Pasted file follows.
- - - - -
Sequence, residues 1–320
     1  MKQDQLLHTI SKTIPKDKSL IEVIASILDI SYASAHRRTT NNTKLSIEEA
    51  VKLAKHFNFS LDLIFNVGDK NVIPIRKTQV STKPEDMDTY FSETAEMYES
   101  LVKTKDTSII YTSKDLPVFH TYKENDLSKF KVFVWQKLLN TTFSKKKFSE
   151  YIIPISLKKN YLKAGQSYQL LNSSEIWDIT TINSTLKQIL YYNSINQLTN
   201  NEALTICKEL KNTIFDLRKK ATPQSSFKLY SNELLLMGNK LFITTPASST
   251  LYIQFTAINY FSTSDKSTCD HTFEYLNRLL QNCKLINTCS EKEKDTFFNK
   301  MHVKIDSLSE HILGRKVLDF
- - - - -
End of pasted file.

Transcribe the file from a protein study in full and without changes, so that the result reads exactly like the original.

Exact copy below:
Sequence, residues 1–320
     1  MKQDQLLHTI SKTIPKDKSL IEVIASILDI SYASAHRRTT NNTKLSIEEA
    51  VKLAKHFNFS LDLIFNVGDK NVIPIRKTQV STKPEDMDTY FSETAEMYES
   101  LVKTKDTSII YTSKDLPVFH TYKENDLSKF KVFVWQKLLN TTFSKKKFSE
   151  YIIPISLKKN YLKAGQSYQL LNSSEIWDIT TINSTLKQIL YYNSINQLTN
   201  NEALTICKEL KNTIFDLRKK ATPQSSFKLY SNELLLMGNK LFITTPASST
   251  LYIQFTAINY FSTSDKSTCD HTFEYLNRLL QNCKLINTCS EKEKDTFFNK
   301  MHVKIDSLSE HILGRKVLDF